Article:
Gen. Sherman's War Spoils May Sit at Bottom of SC River

Tar-cleanup project in Congaree River could expose munitions
By Kate Seamons,  Newser Staff
Posted Jan 20, 2015 6:35 AM CST
Gen. Sherman's War Spoils May Sit at Bottom of SC River
In this 1864 photo provided by the Library of Congress, Gen. William T. Sherman inspects battlements in Atlanta during the American Civil War.   (AP Photo/Library Of Congress, George N. Barnard, File)

(Newser) – In 1954, a gas-producing plant closed near the Congaree River in Columbia, SC. But its presence lingers, in the form of roughly 40,000 tons of "taffy-like" black tar that need to be removed from the river. The State reports on a most unusual side effect of damming the river to do so: the possible recovery of Confederate munitions seized and then dumped by Gen. William T. Sherman's Union army a century and a half ago. The State includes a list of what Union troops logged as having captured from their Confederate counterparts in taking the city on Feb. 17, 1865: 1.2 million ball cartridges, 100,000 percussion caps, 4,000 bayonet scabbards, 3,100 sabers, 1,100 knapsacks, and more. Whatever they didn't bring with them as they marched toward North Carolina they dumped in the Congaree to keep it out of Confederate hands.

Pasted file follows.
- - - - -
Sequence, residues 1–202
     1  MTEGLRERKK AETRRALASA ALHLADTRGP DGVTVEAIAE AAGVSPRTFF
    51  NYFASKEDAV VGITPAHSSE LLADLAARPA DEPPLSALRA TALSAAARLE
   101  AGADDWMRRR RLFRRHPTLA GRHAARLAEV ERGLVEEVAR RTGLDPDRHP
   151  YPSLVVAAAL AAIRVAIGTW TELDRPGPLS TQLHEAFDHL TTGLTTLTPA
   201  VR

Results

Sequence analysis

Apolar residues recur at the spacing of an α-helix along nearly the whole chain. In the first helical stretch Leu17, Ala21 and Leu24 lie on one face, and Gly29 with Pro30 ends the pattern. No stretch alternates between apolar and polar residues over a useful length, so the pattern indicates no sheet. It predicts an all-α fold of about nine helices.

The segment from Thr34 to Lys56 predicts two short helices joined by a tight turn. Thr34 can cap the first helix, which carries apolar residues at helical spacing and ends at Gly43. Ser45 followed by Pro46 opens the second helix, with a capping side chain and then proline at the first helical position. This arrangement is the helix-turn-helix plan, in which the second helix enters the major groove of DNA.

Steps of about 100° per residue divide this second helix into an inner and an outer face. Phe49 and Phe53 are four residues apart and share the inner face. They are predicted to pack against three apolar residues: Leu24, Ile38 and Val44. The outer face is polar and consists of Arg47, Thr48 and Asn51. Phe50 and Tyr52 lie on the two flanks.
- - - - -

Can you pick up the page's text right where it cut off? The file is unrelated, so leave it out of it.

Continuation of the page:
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The energy company SCANA Corp. will facilitate the Congaree cleanup, which involves exposing about 15 acres of riverbed and removing a tar cap that's, on average, 2 feet thick—along with any Civil War artifacts, which a separate State article notes would belong to the state. While the company's director of environmental services says "we don't have any direct knowledge of ordnance," the State points out he also didn't deny the findings of a September draft report SCANA commissioned that involved the use of sonar and metal detectors. That report identified 218 sites as "exhibiting signature characteristics that could be associated with ordnance." Though items have been documented as being salvaged in the 1930s, 1970s, and 1980s, the state's underwater archaeologist isn't expecting a mass cache to surface this time around. "I'm sure there will be some interesting items. I don't anticipate huge volumes," he says. (An "underwater Pompeii" was recently discovered off Greece.)

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